Nationwide Education Logo
Nationwide Logo


Nationwide Education

Nationwide Education is part of Nationwide's commitment to the community. It is primarily a web-based programme designed for use online with personal PCs and interactive whiteboards at schools, colleges and youth centres.

It's designed to be stimulating and engaging whilst providing information and hints and tips. We trust you and your students or young people will enjoy using the interactive games and use the downloadable fact sheets and work sheets to further their understanding about personal finance and how important it is in their daily lives.

Nationwide, as the world's largest building society, is keen to help build better life skills for better futures. Its Financial Capability programmes include:

  • Counting on Money (aimed at 4-7 year olds)
  • The Cost of Money (aimed at 7-11 year olds)
  • Savings and Lifeskills (aimed at 12-14 and 14-16 year olds)
  • Finance World (aimed at young adults, 16-18+)

Each of Nationwide Education's Financial Capability programmes links directly to guidance on the teaching of personal finance - provided by the then Department for Children, Schools and Families (now the Department for Education DfE); the Financial Conduct Authority (FCA) and Basic Skills Agency (BSA) - for all ages, as well as the curricula for England, Scotland, Wales and Northern Ireland. However, it is pertinent in or out of the educational arena.

You can use the menu bar on the left to explore the programmes by age group.

We are always keen to know what teachers and professionals think about our programmes, so if you have any questions, comments or feedback, we'd love to hear from you.

School visits

Nationwide Building Society employees visit schools and colleges to deliver lessons and talks on the three core themes of the Nationwide Education website: Financial Capability, Sustainable Living and Safety.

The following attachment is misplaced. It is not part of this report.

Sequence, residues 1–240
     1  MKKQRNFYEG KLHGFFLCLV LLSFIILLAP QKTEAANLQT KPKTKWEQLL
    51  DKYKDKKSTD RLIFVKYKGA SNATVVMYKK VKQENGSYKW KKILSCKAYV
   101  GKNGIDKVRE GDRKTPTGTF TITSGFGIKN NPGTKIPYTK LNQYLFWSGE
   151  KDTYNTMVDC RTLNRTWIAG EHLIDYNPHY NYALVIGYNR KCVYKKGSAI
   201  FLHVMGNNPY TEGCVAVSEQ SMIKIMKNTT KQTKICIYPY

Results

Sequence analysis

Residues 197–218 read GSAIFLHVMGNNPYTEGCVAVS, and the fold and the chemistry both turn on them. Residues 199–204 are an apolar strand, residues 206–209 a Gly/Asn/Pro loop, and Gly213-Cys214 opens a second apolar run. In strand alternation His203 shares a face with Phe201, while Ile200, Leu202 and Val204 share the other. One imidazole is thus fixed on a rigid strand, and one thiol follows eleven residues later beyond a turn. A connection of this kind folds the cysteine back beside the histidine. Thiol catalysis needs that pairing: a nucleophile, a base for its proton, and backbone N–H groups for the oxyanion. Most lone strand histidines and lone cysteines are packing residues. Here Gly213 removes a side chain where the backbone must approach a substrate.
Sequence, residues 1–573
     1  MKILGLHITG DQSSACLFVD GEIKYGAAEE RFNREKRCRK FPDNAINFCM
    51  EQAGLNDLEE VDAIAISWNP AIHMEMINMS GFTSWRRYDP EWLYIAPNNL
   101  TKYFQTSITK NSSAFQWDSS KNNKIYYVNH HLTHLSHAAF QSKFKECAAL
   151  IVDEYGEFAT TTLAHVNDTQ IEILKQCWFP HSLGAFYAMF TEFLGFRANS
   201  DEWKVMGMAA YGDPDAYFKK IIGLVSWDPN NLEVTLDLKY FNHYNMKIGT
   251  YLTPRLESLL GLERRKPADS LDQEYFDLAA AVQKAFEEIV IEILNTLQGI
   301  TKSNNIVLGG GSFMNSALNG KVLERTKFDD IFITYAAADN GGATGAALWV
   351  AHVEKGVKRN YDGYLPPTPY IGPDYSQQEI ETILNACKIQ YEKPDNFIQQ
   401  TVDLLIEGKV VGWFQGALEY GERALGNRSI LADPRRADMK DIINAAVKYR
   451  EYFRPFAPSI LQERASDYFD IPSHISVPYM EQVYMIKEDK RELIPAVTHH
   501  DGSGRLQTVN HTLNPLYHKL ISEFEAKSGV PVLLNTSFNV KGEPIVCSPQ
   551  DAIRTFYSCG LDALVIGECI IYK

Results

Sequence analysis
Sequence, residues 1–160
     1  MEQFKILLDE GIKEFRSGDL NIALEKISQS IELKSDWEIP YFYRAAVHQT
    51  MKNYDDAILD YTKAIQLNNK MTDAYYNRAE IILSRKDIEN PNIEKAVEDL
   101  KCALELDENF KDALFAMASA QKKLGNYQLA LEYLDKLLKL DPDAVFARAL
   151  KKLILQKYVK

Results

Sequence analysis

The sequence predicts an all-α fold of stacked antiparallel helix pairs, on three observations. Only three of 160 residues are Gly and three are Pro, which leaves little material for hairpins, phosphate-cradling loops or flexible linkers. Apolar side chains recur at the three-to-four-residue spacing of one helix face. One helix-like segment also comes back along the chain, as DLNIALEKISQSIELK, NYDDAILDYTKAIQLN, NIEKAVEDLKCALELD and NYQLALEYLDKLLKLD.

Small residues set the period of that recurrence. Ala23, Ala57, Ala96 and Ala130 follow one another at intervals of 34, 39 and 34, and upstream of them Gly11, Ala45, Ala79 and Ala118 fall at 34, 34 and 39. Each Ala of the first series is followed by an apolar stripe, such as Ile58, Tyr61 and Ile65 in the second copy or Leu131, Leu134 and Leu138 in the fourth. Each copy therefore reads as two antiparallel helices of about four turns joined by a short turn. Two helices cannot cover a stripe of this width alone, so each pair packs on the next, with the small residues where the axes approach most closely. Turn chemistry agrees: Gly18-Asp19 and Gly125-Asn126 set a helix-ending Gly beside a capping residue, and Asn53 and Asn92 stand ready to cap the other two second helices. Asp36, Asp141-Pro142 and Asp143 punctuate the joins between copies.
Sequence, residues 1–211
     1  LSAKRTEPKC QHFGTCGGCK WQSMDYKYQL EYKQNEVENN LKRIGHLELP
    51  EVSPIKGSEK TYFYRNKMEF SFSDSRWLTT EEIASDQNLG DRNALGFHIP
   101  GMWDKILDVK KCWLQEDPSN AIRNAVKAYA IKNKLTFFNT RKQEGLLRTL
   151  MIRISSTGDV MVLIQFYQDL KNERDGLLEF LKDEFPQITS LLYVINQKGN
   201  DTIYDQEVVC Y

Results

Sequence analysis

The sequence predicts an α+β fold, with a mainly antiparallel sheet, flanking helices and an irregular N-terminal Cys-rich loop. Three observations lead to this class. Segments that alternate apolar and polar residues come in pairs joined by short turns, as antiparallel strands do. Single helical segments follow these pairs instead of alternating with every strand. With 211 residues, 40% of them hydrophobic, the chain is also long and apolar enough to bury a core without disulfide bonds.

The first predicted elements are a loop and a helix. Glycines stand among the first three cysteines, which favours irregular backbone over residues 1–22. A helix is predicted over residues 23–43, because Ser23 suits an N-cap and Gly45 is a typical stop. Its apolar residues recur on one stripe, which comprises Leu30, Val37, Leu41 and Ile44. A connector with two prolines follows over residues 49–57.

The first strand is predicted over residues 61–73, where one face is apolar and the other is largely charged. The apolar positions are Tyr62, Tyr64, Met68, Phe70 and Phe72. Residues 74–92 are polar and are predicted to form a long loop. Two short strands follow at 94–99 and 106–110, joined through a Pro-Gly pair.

If you would like to request a school visit please download and complete Section A of this
partnership form and email it to Nationwide endeavours to meet requests wherever possible but unfortunately these cannot be guaranteed.

Why is financial education important?

"The second that anyone, of any age, has money of their own, they can and should start planning how best to use it in order to get what they most want. This even applies to a five-year-old given a few pence as pocket money." Jonathan Self, author of The Teenager's Guide to Money

In these uncertain economic times, financial education has never been more important. According to research by the national money education charity Credit Action, total UK personal debt at the end of September 2010 stood at £1,455bn. Average household debt was nearly £58,000. Worries about government cutbacks and the economic downturn dominate many children's fears. A 2009 survey of children aged 6 to 12, by CBBC and Newsround, found that 61% had been affected by the recession and 86% said they would give something up to help their parents cope financially.

"Too many people are unsure about key financial issues in their lives and I want to see this change. It's important in the ever-changing economic world that we live in that people understand how to make the most of their money and this works best when financial education starts in schools." Ed Balls MP, former Secretary of State for Children, Schools and Families

Most adults have had to learn about finance by making mistakes and our children stand to inherit the country's economic problems. Almost half (47%) of 16-24 year olds surveyed by Youthnet and the Citizens Advice Bureau in June 2008 had experienced debt problems. Helping young people to develop a sound understanding of money and a responsible attitude towards personal finance issues allows them to make positive choices and anticipate problems before they arise.

HM Treasury's Financial Capability: the Government's Long-Term Approach expressed the Government's aspiration that "all children and young people have access to a planned and coherent programme of personal finance education, so that they leave school with the skills and confidence to manage their money well."

These resources are Nationwide's contribution to support schools to deliver on this objective. With credit cards, direct debits, internet shopping and an increasingly 'cashless' monetary system, it is easy for young people to lose track of their spending. We are living longer and can no longer rely on a state pension, so the need to plan for the future grows ever greater. Learning about global finance helps children become responsible and ethical world citizens.